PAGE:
The next discrete action this function performs is setting an event listener for the ‘resize’ event. All this does is call the CanvasSingleton.update function and pass in the canvas identifier from the canvas we’re creating.

Next, we set the canvases literal width and height to the measured dimensions multiplied by the devices pixel ratio. The following lines set the canvases style dimensions to the measured dimensions of the parent DOM element. What this means, in effect, is that the canvas is much bigger in memory than it will be rendered, by a factor of the devices pixel ratio. The canvas is compressed by the renderer to the measured size. For devices with pixel ratios higher than 1 (almost everything, nowadays), this means your canvas will be crisp at any pixel density.

The last lines of this function append the canvas element we initialized to the parent element that was passed into the function via parameter, calls the context.scale method with our pixel ratio values to make the high-DPI support work, set the registry entry at context.identifier to be an object containing references to our parent, canvas, render function, listener, and context, call the render function directly once, and then return the context object to the function that called the create function so that code external to this can access the identifier for actions later in the canvases lifecycle.

this.update is a utility function we can call whenever we want to redraw the canvas. It updates the dimensions and scaling of the canvas as well so that our canvases are responsive to new dimensions. It’s also useful to call directly from external code if the data you’re rendering has changed. It takes one parameter: a canvas identifier that is returned as part of the this.create function.

The first two lines initialize some variables. The first set is pulled directly out of the registry. These are just for convenience and clarity. The w and h variables initialized on the second line are measured directly from the original parent element, whose referenced we saved in registry[id].

Next, we redo the setup and scaling work we did on this.create function to ensure that the canvas dimensions continue to match the parent DOM node. Finally, we clear the canvas and then call the render function again.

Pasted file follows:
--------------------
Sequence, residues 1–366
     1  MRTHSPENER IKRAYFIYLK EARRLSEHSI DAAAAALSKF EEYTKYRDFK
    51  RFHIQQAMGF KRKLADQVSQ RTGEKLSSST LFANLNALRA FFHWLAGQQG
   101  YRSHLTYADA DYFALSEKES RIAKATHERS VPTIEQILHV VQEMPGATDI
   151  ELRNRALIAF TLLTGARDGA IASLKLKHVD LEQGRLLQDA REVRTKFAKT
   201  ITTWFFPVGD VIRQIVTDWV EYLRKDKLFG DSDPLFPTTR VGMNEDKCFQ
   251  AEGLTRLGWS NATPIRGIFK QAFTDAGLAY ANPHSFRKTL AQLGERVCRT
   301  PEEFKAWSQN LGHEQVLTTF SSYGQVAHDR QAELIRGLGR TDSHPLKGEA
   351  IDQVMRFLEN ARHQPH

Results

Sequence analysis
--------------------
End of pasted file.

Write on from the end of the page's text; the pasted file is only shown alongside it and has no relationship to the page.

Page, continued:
this.animateTick is a function meant to be called inside of a game or animation loop. Ideally, you’d use something like requestAnimationFrame whenever the browser is ready to re-render an animation and change the input state to the render function to make this into a very simple game engine. animateTick is basically a very pared down version of this.update. It too takes a context identifier from this.create.

The last function, this.destroy is a general cleanup function. It removes the canvas element from the DOM. Next, it removes the event listener that we set up in this.create for resizing that individual canvas so we dereference the render function and avoid memory leaks. Finally, we delete all of the references in the object at registry[id]. It is very important to call this function when your canvas element is no longer needed; if you spawn a lot of canvases and never destroy them, it can cause memory leaks.

Extremely Basic Usage Example

This code is an HTML page that contains a width-responsive canvas element. It should have a black background with a small white line drawn diagonally from the top left to bottom right. If you resize the canvas, you can see that it will redraw to match the new dimensions of the parent element. If you are on a high-DPI device, you shouldn’t be able to see any pixelation or excessive aliasing. You can create and manage as many canvases as you want to without writing the responsive or high-DPI boilerplate more than once. You also get a nice handle to destroy the canvas with when you’re done (in the case of the above example, after 20 seconds).

Wrapping Up

I find myself reusing this pattern all the time to wrangle some of the more unwieldy browser APIs into shape. By defining our elements as entries in a registry–outside of the external code that is creating them–and providing utility functions to mutate registry entries, we can negate some of the complexity and separate the boilerplate from the actual code that does the drawing. It’s also easy to debug and inspect this pattern. You can easily trigger draw cycles from a JavaScript console after tweaking values, inspect the contents of the registry, and actually get a feel for how your code is interacting with the render engine itself. I hope that you find the module and moreover the pattern it relies on to be as useful as I have.

One final note: this code is by no means final, nor is it exactly what I use on production systems. I realize there are lots of ways to extend it, enhance it, and refactor it; not least of which is changing the registry to a normal array and using the index as the identifier. This particular implementation of the canvasSingleton concept is focused on clarity over raw performance, for instructional purposes.

Al Nelson
Al is a geek about all things tech. He's a professional technical writer and software developer who loves writing for tech businesses and cultivating happy users. You can find him on the web at http://www.alnelsonwrites.com or on Twitter as @musegarden.